As a result, there are dozens of Kansas citizens who are sent to jail for failing to appear at their debt exams in court each year.

While many laws seem to favor creditors, lenders, and collectors, there are also federal laws in place to protect consumers from unfair debt collection methods. One such law is the FDCPA.

The FDCPA protects you from debt collection threats

Debt collectors are known to use intimidation tactics to push people to pay off a debt. However, the FDCPA protects consumers, like you, from abusive, threatening, and unfair debt collection practices.

For example, the Fair Debt Collection Practices Act §807(4) states:

“The representation or implication that nonpayment of any debt will result in the arrest or imprisonment of any person or the seizure, garnishment, attachment, or sale of any property or wages of any person unless such action is lawful and the debt collector or creditor intends to take such action.”

This means that debt collectors cannot threaten you with arrest or imprisonment for owing a debt. Below are some other actions prohibited by the FDCPA:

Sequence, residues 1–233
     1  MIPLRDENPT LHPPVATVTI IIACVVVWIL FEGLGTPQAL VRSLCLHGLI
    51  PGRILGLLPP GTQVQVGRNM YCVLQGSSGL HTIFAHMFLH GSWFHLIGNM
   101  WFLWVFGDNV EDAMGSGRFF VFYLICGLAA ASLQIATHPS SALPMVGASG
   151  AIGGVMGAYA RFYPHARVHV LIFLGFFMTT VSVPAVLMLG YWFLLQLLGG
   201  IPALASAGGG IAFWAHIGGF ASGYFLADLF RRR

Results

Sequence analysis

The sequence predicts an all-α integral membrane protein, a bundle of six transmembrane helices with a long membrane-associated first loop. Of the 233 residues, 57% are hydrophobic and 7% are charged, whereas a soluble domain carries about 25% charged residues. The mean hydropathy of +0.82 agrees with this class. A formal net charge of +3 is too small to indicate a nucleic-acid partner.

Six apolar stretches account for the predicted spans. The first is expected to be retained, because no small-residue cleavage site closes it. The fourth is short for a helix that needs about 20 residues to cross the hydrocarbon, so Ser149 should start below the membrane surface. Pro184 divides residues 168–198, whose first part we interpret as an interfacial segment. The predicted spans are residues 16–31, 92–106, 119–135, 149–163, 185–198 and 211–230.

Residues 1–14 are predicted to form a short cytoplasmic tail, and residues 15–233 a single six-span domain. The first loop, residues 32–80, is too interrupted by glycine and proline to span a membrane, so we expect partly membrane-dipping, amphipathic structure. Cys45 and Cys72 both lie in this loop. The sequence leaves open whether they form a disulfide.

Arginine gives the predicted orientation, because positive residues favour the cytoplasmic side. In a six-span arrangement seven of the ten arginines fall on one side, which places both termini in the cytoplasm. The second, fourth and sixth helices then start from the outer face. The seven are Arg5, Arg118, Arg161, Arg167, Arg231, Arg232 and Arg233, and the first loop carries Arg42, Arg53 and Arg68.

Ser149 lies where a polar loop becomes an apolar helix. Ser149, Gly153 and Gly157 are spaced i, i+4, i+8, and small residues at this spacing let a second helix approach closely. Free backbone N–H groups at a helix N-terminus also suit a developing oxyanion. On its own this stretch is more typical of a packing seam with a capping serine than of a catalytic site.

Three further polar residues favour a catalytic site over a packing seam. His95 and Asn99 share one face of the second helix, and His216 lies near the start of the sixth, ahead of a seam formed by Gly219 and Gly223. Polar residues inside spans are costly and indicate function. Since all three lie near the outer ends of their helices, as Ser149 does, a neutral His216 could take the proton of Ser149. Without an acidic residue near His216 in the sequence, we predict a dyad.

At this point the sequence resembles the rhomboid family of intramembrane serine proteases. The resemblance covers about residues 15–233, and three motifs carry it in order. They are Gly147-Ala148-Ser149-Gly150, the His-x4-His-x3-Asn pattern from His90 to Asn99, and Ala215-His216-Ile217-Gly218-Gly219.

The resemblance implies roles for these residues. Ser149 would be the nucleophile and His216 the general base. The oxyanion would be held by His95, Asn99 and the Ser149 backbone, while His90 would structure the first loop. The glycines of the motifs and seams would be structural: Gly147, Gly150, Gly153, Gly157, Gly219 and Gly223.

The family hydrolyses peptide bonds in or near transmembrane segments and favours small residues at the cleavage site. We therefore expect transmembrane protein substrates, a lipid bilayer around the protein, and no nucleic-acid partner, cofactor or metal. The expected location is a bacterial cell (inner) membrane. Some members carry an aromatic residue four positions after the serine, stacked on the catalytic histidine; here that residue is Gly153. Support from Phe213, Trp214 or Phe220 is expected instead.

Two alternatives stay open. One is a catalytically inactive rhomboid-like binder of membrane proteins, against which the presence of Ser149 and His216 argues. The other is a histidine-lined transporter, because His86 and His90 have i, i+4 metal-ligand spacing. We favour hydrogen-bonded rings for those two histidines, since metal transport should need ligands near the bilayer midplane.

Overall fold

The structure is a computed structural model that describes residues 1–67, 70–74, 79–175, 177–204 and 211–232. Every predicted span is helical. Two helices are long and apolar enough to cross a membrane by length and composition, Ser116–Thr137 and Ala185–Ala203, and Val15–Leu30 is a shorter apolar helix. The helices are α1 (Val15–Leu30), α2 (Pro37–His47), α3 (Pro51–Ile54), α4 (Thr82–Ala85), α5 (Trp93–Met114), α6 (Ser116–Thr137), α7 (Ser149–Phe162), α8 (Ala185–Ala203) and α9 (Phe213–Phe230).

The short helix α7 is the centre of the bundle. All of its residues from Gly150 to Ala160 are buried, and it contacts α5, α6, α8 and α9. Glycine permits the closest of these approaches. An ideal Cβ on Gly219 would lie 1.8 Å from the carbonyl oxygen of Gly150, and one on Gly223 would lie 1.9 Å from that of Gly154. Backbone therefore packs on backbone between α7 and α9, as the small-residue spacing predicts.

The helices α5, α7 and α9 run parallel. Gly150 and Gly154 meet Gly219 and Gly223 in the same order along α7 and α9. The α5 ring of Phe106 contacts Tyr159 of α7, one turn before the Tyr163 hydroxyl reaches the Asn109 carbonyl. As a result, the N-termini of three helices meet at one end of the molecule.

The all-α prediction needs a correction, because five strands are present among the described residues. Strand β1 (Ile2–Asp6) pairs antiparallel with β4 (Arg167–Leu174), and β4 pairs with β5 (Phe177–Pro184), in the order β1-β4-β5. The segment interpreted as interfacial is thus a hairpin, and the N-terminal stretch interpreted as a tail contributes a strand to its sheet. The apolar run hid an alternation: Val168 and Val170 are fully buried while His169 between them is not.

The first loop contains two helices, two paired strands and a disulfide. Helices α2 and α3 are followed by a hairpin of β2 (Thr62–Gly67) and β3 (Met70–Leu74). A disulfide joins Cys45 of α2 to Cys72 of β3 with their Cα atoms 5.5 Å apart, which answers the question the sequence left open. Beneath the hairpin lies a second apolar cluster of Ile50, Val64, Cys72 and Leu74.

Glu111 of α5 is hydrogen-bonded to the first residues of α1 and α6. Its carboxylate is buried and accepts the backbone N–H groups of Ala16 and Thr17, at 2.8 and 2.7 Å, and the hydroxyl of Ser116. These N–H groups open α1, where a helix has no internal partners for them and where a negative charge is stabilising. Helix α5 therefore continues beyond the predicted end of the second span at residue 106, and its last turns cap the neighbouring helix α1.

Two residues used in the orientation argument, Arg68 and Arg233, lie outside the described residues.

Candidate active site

• Debt collectors cannot call you before 8 a.m. or after 9 p.m.
  • Debt collectors cannot use vulgar, intimidating, or threatening language to entice you to pay a debt.
  • Debt collectors cannot call you repeatedly with intent to annoy, abuse, or harass.
  • Debt collectors cannot call you at work.
  • Debt collectors cannot misrepresent the debt amount.
  • Debt collectors cannot pretend to be government officials or law enforcement officers.
  • Debt collectors cannot discuss your debt with your coworkers, friends, or family members.

Stand up for your rights in a debt lawsuit and win.

Protect yourself from going to jail over a debt

If you are unable to pay a debt and you receive a Summons, you need to know your rights. Debt collectors and creditors are not allowed to threaten you with jail time, because they cannot legally enforce that. Only a judge can sentence you to jail.